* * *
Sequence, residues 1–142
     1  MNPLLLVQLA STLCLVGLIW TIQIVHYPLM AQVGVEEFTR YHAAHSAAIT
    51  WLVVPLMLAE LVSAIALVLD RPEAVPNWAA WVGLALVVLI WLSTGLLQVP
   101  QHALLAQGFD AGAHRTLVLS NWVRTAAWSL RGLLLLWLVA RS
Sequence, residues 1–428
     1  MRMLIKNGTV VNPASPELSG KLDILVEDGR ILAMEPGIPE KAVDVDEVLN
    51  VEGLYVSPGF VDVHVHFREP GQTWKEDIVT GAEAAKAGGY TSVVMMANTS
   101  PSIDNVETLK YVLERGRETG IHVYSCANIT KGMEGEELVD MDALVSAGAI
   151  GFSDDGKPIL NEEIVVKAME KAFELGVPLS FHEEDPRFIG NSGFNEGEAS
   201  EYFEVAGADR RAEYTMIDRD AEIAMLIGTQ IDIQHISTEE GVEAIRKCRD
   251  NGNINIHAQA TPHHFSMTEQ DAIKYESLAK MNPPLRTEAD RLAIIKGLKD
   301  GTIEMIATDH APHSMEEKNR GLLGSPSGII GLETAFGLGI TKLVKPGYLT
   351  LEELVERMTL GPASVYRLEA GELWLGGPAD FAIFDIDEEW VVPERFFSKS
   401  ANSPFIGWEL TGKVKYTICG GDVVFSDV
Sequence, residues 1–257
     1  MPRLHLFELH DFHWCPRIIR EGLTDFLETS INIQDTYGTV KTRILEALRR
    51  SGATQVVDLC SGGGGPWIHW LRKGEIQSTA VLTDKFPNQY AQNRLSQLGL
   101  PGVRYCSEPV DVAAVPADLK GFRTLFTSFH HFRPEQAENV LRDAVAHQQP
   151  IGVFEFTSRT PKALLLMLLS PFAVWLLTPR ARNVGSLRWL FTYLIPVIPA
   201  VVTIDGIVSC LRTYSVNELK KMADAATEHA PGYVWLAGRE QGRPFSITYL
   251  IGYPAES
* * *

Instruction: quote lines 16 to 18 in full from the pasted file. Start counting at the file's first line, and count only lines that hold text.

     1  MPRLHLFELH DFHWCPRIIR EGLTDFLETS INIQDTYGTV KTRILEALRR
    51  SGATQVVDLC SGGGGPWIHW LRKGEIQSTA VLTDKFPNQY AQNRLSQLGL
   101  PGVRYCSEPV DVAAVPADLK GFRTLFTSFH HFRPEQAENV LRDAVAHQQP